• Bredberg L.
      • Garwin G.G.
      Identification of the endogenous retinoids associated with three cellular retinoid-binding proteins from bovine retina and retinal pigment epithelium.
      ,
      • Panagabko C.
      • Morley S.
      • Hernandez M.
      • Cassolato P.
      • Gordon H.
      • Parsons R.
      • Manor D.
      • Atkinson J.
      Ligand specificity in the CRAL-TRIO protein family.
      )]. These proteins can also be grouped by the protein families to which they belong. RBP4, ERBP, and β-trace are all members of the lipocalin protein family (
      • Ong D.E.
      • Newcomer M.E.
      • Chytil F.
      Cellular retinoid-binding proteins..
      ,
      • Soprano D.R.
      • Blaner W.S.
      Plasma retinol-binding protein.
      ,
      • Ong D.E.
      • Newcomer M.E.
      • Lareyre J.J.
      • Orgebin-Crist M.C.
      Epididymal retinoic acid-binding protein.
      ,
      • Fujimori K.
      • Aritake K.
      • Urade Y.
      A novel pathway to enhance adipocyte differentiation of 3T3–L1 cells by up-regulation of lipocalin-type prostaglandin D synthase mediated by liver X receptor-activated sterol regulatory element-binding protein-1c.
      ,
      • Tanaka T.
      • Urade Y.
      • Kimura H.
      • Eguchi N.
      • Nishikawa A.
      • Hayaishi O.
      Lipocalin-type prostaglandin D synthase (beta-trace) is a newly recognized type of retinoid transporter.
      ). CRBPI–IV as well as CRABPI and CRABPII are members of the fatty acid-binding protein family of proteins (
      • Ong D.E.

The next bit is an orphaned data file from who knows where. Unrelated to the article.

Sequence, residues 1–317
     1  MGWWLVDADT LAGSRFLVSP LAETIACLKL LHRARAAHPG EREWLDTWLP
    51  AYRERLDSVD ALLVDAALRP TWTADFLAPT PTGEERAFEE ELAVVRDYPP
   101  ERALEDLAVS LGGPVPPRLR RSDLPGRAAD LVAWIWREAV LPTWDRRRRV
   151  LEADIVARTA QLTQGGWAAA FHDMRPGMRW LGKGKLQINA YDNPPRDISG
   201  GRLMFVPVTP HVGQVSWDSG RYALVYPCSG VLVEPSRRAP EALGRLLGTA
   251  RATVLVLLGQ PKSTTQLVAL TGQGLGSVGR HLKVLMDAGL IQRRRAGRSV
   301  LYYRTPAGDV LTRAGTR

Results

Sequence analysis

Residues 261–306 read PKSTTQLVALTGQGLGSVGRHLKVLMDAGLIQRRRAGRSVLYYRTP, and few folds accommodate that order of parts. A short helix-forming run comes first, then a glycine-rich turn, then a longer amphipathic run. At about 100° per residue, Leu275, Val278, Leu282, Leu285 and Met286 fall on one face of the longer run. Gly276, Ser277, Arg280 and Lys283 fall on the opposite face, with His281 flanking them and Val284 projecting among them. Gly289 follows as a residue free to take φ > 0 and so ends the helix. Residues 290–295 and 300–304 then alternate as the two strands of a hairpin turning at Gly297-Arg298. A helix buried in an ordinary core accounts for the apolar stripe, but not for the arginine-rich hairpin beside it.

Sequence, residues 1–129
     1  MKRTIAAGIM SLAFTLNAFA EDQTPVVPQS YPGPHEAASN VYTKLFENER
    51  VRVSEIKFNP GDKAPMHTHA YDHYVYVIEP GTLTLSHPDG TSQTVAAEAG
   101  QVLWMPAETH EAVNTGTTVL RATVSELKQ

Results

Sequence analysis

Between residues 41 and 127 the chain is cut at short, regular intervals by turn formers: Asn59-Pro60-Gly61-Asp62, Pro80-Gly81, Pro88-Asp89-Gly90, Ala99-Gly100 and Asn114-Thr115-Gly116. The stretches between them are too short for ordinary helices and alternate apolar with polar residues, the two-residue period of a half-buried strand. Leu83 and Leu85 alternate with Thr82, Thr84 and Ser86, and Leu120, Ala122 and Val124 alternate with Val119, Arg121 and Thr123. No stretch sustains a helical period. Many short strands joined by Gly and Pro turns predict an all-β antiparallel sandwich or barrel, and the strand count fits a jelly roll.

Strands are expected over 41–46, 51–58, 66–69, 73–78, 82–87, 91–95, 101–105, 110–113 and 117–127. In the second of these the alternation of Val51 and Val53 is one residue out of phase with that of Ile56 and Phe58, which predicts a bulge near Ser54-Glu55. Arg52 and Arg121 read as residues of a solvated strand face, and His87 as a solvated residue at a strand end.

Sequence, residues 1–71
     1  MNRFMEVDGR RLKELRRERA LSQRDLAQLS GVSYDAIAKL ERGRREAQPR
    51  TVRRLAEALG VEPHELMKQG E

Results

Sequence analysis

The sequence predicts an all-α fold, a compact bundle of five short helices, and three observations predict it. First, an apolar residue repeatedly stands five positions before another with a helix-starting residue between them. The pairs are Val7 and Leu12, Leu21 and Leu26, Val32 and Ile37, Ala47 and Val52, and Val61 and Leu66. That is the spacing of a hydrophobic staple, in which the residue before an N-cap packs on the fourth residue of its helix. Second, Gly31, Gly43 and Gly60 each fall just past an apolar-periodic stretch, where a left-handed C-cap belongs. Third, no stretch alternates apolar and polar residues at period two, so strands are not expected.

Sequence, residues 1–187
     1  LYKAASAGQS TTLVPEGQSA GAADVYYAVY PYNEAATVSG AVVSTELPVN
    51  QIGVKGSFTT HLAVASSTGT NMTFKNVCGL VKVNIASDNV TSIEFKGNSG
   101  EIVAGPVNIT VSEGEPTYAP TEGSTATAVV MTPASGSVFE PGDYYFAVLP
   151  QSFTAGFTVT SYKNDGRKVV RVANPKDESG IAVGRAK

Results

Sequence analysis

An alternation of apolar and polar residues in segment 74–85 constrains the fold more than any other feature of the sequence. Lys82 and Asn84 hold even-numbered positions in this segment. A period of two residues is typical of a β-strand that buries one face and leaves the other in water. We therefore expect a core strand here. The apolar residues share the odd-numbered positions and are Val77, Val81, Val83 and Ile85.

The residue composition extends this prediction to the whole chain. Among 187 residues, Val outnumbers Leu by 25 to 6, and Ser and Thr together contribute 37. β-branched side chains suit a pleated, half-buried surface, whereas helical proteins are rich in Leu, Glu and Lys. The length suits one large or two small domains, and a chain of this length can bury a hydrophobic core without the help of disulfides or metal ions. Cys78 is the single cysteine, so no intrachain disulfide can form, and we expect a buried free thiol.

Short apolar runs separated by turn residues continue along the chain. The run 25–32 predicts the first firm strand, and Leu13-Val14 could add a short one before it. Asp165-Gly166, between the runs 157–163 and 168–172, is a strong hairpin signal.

• Newcomer M.E.
      • Chytil F.
      Cellular retinoid-binding proteins..
      ,
      • Ong D.E.
      • Newcomer M.E.
      • Lareyre J.J.
      • Orgebin-Crist M.C.
      Epididymal retinoic acid-binding protein.
      ,
      • Noy N.
      Retinoid-binding proteins: mediators of retinoid action.
      ,
      • Levin M.S.
      • Locke B.
      • Yang N.C.
      • Li E.
      • Gordon J.I.
      Comparison of the ligand binding properties of two homologous rat apocellular retinol-binding proteins expressed in Escherichia coli.
      ,
      • Vogel S.
      • Mendelsohn C.L.
      • Mertz J.R.
      • Piantedosi R.
      • Waldburger C.
      • Gottesman M.E.
      • Blaner W.S.
      Characterization of a new member of the fatty acid-binding protein family that binds all-trans-retinol.
      ,
      • Folli C.
      • Calderone V.
      • Ramazzina I.
      • Zanotti G.
      • Berni R.
      Ligand binding and structural analysis of a human putative cellular retinol-binding protein.
      ). CRALBP is a member of the CRAL-TRIO protein family that also contains the vitamin E-binding protein, α-tocopherol-transport protein (TTP) (
      • Panagabko C.
      • Morley S.
      • Hernandez M.
      • Cassolato P.
      • Gordon H.
      • Parsons R.
      • Manor D.
      • Atkinson J.
      Ligand specificity in the CRAL-TRIO protein family.
      ). For more details on TTP and vitamin E, the reader is referred to the review from Traber in this thematic review series (
      • Traber M.D.
      Mechanisms for the prevention of vitamin E excess.
      ).
      Each of the known retinoid-binding proteins has been proposed to have a role in facilitating retinoid transport and/or metabolism. However, most if not all of these proteins do not have essential roles in facilitating these processes, as the genes for nearly all of these retinoid-binding proteins have been ablated in mouse models and none of the gene disruptions is lethal or associated with a severe phenotype (
      • Ghyselinck N.B.
      • Bavik C.
      • Sapin V.
      • Mark M.
      • Bonnier D.
      • Hindelang C.
      • Dierich A.
      • Nilsson C.B.
      • Hakansson H.
      • Sauvant P.
      • et al.
      Cellular retinol-binding protein I is essential for vitamin A homeostasis.
      ,
      • Gorry P.
      • Lufkin T.
      • Dierich A.
      • Rochette-Egly C.
      • Decimo D.
      • Dolle P.
      • Mark M.
      • Durand B.
      • Chambon P.
      The cellular retinoic acid binding protein I is dispensable.
      ,
      • Lampron C.
      • Rochette-Egly C.
      • Gorry P.
      • Dolle P.